put into(redirected from putting into)
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1. To place, insert, or load someone or something inside of something else. In this usage, a noun or pronoun can be used between "put" and "into." Will you put the clean dishes into the cupboards for me, please? He put his little sister into the box and pretended he would make her disappear like a magician.
2. To commit someone to an official place of confinement or custody. In this usage, a noun or pronoun can be used between "put" and "into." I can't believe my children put me into a nursing home, just because I had that big fall! They threatened to put him into a mental hospital if he ever spoke of what happened.
3. To move or set something into a particular position, state, or form. In this usage, a noun or pronoun can be used between "put" and "into." Be sure to put the car into neutral before you take your foot off the clutch. I'm not very good at saying what I feel, so I put my emotions into song.
4. To use up some resource, especially time or money, to accomplish some task. In this usage, a noun or pronoun can be used between "put" and "into." I've put more hours into this project than I care to count. We're putting our own money into this movie, so we want to make sure we earn it back.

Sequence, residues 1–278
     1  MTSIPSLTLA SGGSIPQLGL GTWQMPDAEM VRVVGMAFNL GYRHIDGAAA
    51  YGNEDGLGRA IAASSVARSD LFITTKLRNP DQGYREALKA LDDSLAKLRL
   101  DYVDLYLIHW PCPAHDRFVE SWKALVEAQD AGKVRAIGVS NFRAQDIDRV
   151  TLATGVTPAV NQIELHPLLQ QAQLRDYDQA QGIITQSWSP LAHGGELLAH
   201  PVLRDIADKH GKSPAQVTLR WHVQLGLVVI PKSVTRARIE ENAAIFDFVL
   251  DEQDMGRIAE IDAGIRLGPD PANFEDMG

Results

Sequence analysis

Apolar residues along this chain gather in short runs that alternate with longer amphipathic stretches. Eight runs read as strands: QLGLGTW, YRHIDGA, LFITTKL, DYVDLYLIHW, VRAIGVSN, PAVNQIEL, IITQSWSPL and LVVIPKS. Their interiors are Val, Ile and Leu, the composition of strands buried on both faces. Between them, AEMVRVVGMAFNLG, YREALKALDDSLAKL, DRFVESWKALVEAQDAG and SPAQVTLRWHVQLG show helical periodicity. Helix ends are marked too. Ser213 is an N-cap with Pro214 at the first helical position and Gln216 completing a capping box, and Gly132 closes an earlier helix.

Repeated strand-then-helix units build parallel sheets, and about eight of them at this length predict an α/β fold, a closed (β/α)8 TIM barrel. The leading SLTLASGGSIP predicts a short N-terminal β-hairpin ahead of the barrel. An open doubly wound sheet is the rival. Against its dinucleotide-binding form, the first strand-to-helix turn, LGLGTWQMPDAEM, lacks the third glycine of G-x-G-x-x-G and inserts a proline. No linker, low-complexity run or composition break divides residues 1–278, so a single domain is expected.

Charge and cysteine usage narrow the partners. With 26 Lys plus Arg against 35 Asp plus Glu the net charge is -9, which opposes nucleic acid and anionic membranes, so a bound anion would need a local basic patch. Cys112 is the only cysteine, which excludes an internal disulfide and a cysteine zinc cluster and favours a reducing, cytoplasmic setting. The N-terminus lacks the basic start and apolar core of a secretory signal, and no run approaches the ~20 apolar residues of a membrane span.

5. Of a boat, to enter and moor in some harbor or the city thereof. After nearly ten days at sea, we finally put into Sidney to restock supplies and spend some time on land. Make sure you secure the mooring lines properly when we put into port—last time, the boat nearly drifted away.
Farlex Dictionary of Idioms. © 2015 Farlex, Inc, all rights reserved.
put someone or something into somethingand put someone or something in
to insert or install someone or something into something. The magician put the woman into the cabinet and locked the door. She put in the woman and locked the cabinet.
McGraw-Hill Dictionary of American Idioms and Phrasal Verbs. © 2002 by The McGraw-Hill Companies, Inc.
1. To place someone or something on the inside of or within something: He put the plates into the dishwasher. Don't put too many eggs into the batter. Her family put her into a sanatorium when she contracted tuberculosis.
2. To set something into some state or position: Put the car into reverse and back out of the driveway. I can't put my ideas into words.
3. To spend or expend something at some task: I put all of my spare time into fixing the roof.
4. To enter some port or harbor. Used of sailing vessels: The ship will put into Boston Harbor tomorrow.
The American Heritage® Dictionary of Phrasal Verbs. Copyright © 2005 by Houghton Mifflin Harcourt Publishing Company. Published by Houghton Mifflin Harcourt Publishing Company. All rights reserved.